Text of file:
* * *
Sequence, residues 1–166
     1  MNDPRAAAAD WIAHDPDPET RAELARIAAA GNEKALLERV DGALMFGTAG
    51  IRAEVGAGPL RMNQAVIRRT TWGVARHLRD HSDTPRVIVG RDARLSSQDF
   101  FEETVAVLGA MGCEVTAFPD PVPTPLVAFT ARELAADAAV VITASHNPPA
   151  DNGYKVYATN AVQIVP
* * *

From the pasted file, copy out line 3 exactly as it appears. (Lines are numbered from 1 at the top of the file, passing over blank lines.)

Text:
    51  IRAEVGAGPL RMNQAVIRRT TWGVARHLRD HSDTPRVIVG RDARLSSQDF